So this afternoon I read Michelle Goldberg's What Is A Woman: the dispute between radical feminism and transgenderism.
|Not pictured: all of the fucks I tried not to give but ended up surrendering anyway|
Both styles of writing employ the self same "subtle" tactics that make their biases seem more legitimate/natural without actually stating those biases. As a fan of bias-disclosure this bugs me.
For instance, Goldberg gives specific visual and physical detail to the majority of the radical feminists she quotes or shortly profiles. The trans advocates who's voices she leans on are afforded little of these humanizing characteristics. The only trans people who get detailed descriptions are either throwing their support behind radical feminist or have decided to de-transition.
This schism in representation is particularly clear when she profiles the rightfully identified "Abusive posts [proliferated] on Twitter and Tumblr" made by allegedly trans activists. None of those "trans activists" are humanized with physical description. Goldberg mentions a photographic threat but chooses to focus on the knife in the photo rather than the person holding it.
In the very next sentences we're given a friendly amount of context about Lierre Keith. She has a name, an outfit, a well described hairdo, and we get to know what she does for a living. Only after all of that personal information does Goldberg obfuscatingly say that the activist group Keith is a part of: "D.G.R. is defiantly militant, refusing to condemn the use of violence in the service of its goals."
Consider the visceral difference a you as a reader feel when reading an actual threat in contrast to the feeling you get form reading the distanced language with which Goldberg describes the unspecified "violence" condoned by D.G.R. For me this exposes a bias in the writer's own notions. It shows me who she is willing to grant leeway and give the benefit of her doubt. It shows me that she considers some violence to be worse than others. Now I don't know if this bias in her language is done intentionally or not (though with Levy I assumed it was unintentional).
But in the craft of fiction this is how you set your readers up for a polarization. It's how you create Good Guys and Bad Guys. The Good Guys get detailed and compassionate descriptions and yes, sometimes do vague sorts of violence to the Bad Guys for the "greater good". The Bad Guys are usually only shown in the graphic throes of committing violence with no additional context.
In this article acts of violence are associated with both radical feminists and with trans activists. However the polarizing presentation of that information drastically changes the way the reader will receive and process that information. This article is not designed to humanize trans people or trans activists. And it's more than just the polarizing way she (refuses to) characterize/s trans activists. In the third paragraph of her article she makes the misstep that dooms any possibility of trans people and their experiences being validated by her writing.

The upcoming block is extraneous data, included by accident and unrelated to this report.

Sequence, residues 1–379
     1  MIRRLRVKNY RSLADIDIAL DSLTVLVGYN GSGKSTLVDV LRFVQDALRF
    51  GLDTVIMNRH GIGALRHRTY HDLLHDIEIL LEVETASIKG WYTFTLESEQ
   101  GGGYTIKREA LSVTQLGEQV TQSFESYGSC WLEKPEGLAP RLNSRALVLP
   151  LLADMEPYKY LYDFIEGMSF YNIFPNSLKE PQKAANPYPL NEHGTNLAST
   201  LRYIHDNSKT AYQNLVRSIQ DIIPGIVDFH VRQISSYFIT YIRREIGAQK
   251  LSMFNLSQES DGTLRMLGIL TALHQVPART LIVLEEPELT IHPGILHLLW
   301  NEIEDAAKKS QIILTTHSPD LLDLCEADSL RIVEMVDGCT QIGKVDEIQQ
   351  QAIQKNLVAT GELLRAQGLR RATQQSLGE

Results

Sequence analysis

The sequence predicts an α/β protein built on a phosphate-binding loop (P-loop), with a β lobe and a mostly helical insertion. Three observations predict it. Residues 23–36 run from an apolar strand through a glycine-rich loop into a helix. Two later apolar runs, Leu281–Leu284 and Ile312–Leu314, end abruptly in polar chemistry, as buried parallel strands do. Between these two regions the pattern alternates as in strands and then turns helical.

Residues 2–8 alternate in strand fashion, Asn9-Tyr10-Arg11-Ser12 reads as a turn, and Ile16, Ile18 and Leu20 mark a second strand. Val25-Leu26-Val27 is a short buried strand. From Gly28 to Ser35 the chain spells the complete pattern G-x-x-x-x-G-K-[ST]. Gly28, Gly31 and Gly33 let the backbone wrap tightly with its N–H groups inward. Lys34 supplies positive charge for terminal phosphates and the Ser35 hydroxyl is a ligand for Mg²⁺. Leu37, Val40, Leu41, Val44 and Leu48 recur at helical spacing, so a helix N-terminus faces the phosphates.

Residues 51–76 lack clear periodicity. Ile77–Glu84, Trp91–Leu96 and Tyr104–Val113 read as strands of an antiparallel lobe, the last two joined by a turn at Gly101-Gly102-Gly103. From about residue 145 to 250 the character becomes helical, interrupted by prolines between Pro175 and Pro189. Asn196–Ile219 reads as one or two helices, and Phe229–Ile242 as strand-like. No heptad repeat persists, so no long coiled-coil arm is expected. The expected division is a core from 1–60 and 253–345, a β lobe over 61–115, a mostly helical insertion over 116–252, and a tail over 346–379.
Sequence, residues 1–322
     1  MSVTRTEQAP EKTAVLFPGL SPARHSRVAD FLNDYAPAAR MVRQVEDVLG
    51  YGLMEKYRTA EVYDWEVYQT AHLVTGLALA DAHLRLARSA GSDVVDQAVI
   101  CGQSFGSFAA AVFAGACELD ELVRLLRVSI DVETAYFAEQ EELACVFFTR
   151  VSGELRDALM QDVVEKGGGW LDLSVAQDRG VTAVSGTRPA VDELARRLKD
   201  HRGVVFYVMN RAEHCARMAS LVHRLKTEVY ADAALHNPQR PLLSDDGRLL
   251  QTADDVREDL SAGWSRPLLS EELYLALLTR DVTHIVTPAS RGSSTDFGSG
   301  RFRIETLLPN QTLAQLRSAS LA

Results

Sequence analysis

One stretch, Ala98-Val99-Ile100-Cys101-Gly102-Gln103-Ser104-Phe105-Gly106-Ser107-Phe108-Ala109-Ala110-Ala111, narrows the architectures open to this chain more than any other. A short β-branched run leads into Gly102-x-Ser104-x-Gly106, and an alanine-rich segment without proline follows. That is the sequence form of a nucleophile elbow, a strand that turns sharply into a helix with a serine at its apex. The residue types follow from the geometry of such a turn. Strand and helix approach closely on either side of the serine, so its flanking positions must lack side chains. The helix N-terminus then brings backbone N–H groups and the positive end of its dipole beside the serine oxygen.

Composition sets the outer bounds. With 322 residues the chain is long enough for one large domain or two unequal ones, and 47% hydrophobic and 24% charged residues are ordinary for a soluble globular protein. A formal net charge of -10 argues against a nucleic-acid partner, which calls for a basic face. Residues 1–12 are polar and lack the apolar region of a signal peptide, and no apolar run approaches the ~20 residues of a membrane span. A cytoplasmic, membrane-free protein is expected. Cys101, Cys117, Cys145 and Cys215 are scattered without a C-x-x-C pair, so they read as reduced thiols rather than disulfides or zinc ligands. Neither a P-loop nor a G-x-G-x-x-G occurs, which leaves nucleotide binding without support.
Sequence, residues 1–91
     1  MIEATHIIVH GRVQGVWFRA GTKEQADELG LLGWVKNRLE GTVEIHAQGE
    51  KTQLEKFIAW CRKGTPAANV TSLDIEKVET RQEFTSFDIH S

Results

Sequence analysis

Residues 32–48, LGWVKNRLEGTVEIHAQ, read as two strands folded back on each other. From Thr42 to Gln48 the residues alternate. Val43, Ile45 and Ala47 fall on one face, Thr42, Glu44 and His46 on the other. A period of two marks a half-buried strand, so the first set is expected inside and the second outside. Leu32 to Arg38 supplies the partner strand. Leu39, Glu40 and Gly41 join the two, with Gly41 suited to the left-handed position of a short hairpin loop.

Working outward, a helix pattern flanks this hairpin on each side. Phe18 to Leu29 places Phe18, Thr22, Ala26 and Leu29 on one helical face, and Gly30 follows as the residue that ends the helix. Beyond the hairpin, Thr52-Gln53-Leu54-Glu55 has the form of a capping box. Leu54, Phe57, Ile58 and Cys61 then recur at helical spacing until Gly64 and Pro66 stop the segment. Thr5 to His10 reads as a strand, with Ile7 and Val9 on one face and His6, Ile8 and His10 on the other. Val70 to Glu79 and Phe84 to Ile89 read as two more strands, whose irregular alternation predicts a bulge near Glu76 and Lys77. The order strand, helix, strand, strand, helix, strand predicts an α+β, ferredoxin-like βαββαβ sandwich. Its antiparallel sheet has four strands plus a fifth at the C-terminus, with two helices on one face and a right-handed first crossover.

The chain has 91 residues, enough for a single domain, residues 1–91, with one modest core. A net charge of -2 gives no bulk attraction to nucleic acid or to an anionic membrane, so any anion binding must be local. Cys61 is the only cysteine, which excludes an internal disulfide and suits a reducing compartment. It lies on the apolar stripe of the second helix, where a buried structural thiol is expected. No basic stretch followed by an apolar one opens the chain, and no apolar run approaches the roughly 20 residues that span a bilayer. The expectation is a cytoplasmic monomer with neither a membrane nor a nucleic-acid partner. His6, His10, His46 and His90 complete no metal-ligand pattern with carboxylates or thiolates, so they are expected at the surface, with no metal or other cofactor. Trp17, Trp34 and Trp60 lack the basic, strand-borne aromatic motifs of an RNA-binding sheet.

She states: "Trans women say that they are women because they feel female--that, as some put it, they have women's brains in men's bodies."
Not only is this an excruciatingly basic reduction of the experience most trans people have, it's erases trans women before the piece has really begun. This erasure may not seem entirely evident to non-language nerds.
Let me show you what I mean:
Trans women don't "feel like women". They ARE women. Reducing someone else's explicitly stated experience as what they "feel like" shows a huge distrust of that person's reality.
Think about it this way:
Say you had a headache or a medical condition, and you said to a friend who you were supposed to meet for lunch that you couldn't make it because of the uncomfortable reality of your health was preventing you from attending. And then imagine this friend, instead of trusting that the pain you felt is real simply said "I guess if that is how you feel." and hung up.
Instead of just nodding and accepting it as true when a trans person tells her, Goldberg responds condescendingly with "well if that's the way you feel". It's rude. It shows that Goldberg does not trust even the explicitly stated experiences of trans people.
Yes it acknowledges those experiences. But it degrades them categorically. It marks those experiences as impossible to exist as a shared reality. Because if it's a feeling someone else has, then you don't have to accept it or feel it too I guess.
This distrust and assumed falseness is echoed in Goldberg's use of the world "transgenderism" throughout the entire piece. As if the identities of entire swathes of people under the trans* umbrella were just some -ism. Ism, which google delightfully defines as "a distinctive practice, system, or philosophy, typically a political ideology or an artistic movement." In other words a lifestyle.
Being transgender is not a fucking "lifestyle". Correct me if I am wrong, but wasn't it common 20 years ago to hear homophobic people talk disparagingly about lesbianISM and the "gay
lifestyle" (okay okay I know people still do this but I live in a queer Mecca). To me reducing transgender folks and there experiences to the realm of an -ism is really just an echo of the rhetoric that straight people use(d) to ostracized and delegitimize gay and lesbian people.
Much as I would love to I won't go into refuting the many and mostly flawed or anecdotal points Goldberg tries to pass off as evidence that TERFs are in fact being persecuted by trans people. Others have done so already. And I believe my views on the exclusion of trans women from radical feminist spaces has been clearly stated (summary: it's complicatedly wrong).
This post was an examination of how Goldberg's biases seeped (or perhaps were intentionally leaked) into the craft and style elements of this article.